11. +1 for the patience bit - My best moments with Jupiter have been when trying to make a sketch of what I see. I find it forces you to spend a lot longer at the eyepiece and to try and tease out the details. Your eye definitely "tunes in" the longer you spend on it. The other benefit of spending a lot of time on it is that you'll get more of those occasional moments when the atmospheric turbulence subsides for a couple of seconds and you suddenly get a much clearer glimpse.
  12. Last night I took the scope along to my sons cub pack to help out with their astronomy badge. It was the first time I'd observed with kids (apart from my own) so I thought I'd share what I learned in case anyone else is doing a similar thing in the future. Note: I was using a 12" dob, so a lot of the comments relate to that. Group size - Two or three at a time was ideal - any more than that and the ones not at the eyepiece start getting bored (and cold) and start fidgeting (sometimes in a scope-threatening way). The Rules - I realised fairly quickly that with kids this age you need to lay down the law with each group right at the beginning - no touching / bumping the scope - no shouting down the end of it - stand well clear of the scope when not at the eyepiece - no rummaging in the eyepiece case etc... Cubs are small - Luckily their were enough low down targets - Jupiter, Albireo, Ring Nebula - but none of them were tall enough (even with the step I brought) to see anything near zenith - so unfortunately none of them got to see Andromeda last night. At one point, after one of them had asked what the little group of stars above Jupiter was, I pointed the scope at the Pleiades- big mistake - the eyepiece was at a height that some of them could reach and others couldn't - lots of cries of "I can't see it" etc. Balancing on a step is harder than you think - If you are using a step then you need to gently steady them by holding their arm as they step up, step down, and as they approach the eyepiece. More then once one of them felt a bit unsteady and reached out for the nearest thing to grab. Make sure the nearest thing to grab is you... not the expensive thing mounted on a freely rotating platform... you get the picture. Teach them how to look through the eyepiece - the two biggest problems were them approaching the EP too quickly, hitting it with their face and knocking the scope off target (particularly on Jupiter on higher mag) and secondly breathing all over the eyepiece and fogging it up. Analogies work - The one that went down best was the "if Jupiter was the size of a watermelon, Earth would be the size of a cherry tomato" - they all got that. You hear "Wow" quite a lot - this was one of the most satisfying parts - "Wow - I can see the stripes" Parents - it was great to let the parents have a look when they came to pick the kids up - lots more wows, both for Jupiter and Andromeda. All in all it was really enjoyable - I would definitely recommend that you volunteer to help out with something similar if you are able to. Who knows if one of those cubs will go on to study astronomy / make important discoveries etc just because one night someone rocked up at their cub session and let them see how awesome space is.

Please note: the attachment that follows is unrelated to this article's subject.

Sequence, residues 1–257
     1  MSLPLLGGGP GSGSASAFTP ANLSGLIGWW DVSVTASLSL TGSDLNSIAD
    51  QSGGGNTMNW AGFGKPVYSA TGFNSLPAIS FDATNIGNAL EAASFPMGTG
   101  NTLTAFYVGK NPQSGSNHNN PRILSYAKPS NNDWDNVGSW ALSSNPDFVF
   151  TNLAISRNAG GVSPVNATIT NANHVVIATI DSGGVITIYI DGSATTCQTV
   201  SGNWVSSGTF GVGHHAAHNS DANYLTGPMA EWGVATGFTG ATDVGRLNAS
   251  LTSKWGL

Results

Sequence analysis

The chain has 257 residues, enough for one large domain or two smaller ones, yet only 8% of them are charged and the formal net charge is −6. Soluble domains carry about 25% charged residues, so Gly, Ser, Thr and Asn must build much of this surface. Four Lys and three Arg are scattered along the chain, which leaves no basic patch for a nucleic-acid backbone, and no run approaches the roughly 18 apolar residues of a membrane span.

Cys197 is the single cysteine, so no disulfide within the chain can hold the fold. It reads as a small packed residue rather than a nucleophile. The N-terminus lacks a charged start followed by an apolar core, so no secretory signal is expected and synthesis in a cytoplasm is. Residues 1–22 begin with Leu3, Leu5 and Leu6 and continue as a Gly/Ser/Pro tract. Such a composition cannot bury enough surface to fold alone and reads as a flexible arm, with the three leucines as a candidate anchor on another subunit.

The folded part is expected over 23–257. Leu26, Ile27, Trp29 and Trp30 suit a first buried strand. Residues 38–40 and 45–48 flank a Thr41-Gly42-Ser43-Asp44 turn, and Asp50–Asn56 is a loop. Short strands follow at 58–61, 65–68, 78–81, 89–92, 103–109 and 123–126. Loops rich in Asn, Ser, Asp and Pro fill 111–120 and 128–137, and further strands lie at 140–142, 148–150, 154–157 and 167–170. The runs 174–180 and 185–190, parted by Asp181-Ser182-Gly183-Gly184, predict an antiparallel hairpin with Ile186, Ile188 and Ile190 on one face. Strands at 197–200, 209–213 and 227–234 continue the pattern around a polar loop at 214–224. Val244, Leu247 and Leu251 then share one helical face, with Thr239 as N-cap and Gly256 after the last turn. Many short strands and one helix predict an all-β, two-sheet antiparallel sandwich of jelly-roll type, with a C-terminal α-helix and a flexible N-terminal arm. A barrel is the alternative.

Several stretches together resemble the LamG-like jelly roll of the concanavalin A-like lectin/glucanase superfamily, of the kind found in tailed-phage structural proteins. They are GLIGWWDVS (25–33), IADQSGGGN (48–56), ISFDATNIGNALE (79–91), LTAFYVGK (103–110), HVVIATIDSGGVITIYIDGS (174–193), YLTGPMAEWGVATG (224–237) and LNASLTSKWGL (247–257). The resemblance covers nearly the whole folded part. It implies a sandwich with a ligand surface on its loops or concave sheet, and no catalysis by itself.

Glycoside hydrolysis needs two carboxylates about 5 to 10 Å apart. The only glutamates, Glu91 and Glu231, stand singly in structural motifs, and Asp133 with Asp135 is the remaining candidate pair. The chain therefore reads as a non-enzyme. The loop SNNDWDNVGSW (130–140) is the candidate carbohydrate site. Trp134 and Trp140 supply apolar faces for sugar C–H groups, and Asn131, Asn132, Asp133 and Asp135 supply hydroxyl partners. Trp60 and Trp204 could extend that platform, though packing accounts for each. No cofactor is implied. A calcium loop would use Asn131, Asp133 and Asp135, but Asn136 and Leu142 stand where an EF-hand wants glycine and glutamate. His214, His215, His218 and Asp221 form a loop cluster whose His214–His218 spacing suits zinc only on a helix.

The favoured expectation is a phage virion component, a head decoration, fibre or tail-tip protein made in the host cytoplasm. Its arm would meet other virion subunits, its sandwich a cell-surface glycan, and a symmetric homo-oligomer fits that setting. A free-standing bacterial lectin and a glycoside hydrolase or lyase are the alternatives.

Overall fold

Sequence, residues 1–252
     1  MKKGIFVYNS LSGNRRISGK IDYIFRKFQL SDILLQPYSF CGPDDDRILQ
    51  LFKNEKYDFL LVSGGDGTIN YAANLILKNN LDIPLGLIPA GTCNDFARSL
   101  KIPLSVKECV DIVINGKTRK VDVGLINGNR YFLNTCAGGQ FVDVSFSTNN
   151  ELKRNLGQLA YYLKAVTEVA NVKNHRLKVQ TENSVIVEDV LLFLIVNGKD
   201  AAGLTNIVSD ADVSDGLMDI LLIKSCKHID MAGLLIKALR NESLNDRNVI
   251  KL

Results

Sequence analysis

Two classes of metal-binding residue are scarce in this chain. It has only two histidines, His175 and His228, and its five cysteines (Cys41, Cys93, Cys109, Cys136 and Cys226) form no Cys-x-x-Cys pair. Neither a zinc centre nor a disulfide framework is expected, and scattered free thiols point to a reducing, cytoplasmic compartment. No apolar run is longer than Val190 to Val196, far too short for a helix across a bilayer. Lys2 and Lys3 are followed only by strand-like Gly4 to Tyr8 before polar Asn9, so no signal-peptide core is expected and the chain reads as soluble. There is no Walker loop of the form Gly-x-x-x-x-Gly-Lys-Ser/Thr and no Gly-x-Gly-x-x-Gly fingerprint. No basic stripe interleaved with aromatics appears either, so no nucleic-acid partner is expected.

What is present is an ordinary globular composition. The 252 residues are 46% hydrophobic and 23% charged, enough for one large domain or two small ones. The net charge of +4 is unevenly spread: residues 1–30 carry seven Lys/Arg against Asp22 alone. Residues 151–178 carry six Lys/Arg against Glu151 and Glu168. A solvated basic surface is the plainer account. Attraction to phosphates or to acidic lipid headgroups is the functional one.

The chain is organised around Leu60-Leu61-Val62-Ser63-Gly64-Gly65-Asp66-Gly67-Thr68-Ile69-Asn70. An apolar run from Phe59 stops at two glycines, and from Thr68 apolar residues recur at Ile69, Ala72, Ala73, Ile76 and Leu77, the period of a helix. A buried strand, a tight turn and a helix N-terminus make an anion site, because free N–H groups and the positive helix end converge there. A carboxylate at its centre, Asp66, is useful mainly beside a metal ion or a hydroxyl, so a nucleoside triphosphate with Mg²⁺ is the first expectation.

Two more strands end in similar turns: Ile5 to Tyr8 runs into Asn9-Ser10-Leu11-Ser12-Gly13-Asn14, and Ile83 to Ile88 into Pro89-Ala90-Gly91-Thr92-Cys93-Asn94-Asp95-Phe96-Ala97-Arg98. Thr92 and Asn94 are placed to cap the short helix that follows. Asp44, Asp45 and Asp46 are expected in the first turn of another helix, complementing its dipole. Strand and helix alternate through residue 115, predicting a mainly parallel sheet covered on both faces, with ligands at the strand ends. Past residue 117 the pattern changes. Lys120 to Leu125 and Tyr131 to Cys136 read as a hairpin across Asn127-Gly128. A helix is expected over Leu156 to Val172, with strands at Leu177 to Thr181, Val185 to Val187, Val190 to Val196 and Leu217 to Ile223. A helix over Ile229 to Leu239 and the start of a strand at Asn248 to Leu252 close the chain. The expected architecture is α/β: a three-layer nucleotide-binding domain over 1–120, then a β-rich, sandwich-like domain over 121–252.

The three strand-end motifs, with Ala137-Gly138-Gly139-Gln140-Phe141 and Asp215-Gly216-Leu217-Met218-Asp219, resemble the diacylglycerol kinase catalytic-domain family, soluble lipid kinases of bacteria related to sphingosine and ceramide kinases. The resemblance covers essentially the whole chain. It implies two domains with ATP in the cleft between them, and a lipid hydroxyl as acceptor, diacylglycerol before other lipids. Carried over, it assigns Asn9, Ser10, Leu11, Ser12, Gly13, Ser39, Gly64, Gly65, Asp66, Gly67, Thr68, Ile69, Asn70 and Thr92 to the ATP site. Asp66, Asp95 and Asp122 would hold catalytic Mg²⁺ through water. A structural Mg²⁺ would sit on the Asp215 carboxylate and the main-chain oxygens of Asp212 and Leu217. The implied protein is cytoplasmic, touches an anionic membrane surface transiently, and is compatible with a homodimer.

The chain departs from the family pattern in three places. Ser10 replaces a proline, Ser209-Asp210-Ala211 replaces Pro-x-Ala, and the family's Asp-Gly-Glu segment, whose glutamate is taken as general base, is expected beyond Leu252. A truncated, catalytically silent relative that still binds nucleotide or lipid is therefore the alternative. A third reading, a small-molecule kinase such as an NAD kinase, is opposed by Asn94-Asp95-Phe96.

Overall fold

13. Great to meet you too Steve. All in all it was a good night - we got a couple of hours of clear viewing in and it was good to see the pub beer garden full of telescopes. Although I have to say that a pint of ale really doesn't taste good when its been out in the cold for so long. Maybe need someone to bring dew heater tapes to wrap round the glasses